Chemists use spectroscopic analysis all the time in the lab to determine what molecules are present in a sample and what are their concentrations. Spectroscopy is also used as a tool to understand the structure and reactions of molecules. Light, or electromagnetic radiation, consists of a moving wave of electric and magnetic fields which are at right angles to one another and also at right angles to the direction of travel, see below Figure which for clarity only shows the electric field. In order to be able to use spectroscopy in chemistry we must understand light along with the Maths equations which summarize the properties of light.
The wavelength λ (Greek letter “lambda”) is the distance between equivalent points on neighbouring waves. The correct symbol for frequency is v (Greek letter “nu”) and it is the number of complete waves which pass a fixed point in a second, the units are “per second” or s-1 (sometimes called hertz). The velocity of light c = 2.998×108 m S-1 is related to its wavelength and its frequency by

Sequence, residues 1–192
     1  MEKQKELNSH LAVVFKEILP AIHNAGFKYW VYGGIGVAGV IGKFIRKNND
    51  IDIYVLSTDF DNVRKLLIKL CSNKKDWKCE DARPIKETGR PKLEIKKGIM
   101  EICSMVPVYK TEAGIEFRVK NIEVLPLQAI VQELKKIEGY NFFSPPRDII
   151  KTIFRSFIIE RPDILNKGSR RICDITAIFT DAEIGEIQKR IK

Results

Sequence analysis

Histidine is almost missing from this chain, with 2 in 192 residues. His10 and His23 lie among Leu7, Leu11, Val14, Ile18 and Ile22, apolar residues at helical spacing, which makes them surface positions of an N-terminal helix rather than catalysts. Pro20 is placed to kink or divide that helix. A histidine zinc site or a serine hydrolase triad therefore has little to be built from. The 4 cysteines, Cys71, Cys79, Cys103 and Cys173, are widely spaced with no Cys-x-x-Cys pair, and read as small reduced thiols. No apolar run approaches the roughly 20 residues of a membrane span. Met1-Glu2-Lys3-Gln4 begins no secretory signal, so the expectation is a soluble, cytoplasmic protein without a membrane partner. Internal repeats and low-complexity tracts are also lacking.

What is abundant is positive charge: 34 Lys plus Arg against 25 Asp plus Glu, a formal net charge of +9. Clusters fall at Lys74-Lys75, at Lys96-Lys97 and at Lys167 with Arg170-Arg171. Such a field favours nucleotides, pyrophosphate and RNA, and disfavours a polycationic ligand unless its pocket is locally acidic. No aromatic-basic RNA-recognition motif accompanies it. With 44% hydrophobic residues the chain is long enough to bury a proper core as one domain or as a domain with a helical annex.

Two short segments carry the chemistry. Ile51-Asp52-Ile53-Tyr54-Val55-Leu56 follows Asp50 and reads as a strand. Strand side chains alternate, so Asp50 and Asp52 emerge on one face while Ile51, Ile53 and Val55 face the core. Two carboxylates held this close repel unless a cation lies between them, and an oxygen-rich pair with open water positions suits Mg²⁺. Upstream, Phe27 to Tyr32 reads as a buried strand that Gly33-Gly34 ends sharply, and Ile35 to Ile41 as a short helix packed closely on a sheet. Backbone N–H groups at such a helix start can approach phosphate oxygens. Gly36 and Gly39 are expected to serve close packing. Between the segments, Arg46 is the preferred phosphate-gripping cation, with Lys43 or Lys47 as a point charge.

c = λ v
If a molecule absorbs light at a frequency of v = 2.78 x 1014 s-1 determine the wavelength A of the light.
Rearranging the equation so that the unknown quantity λ is the subject of the equation is most clearly done by dividing both sides of the equation by the frequency v.
C = λ v; c/v = λv / v
Cancelling top and bottom within any single term, then rearranging the equation to make the subject,
We say that λ is the subject of the equation when it is on the left of the equal sign and is equal to the rest of the equation. To make this physically meaningful we must substitute the physical quantities, numbers and units, for the symbols and then cancel the units within any single term. In this case it is s-1 that cancels to give the wavelength with the units determined by the correct use of physical quantities.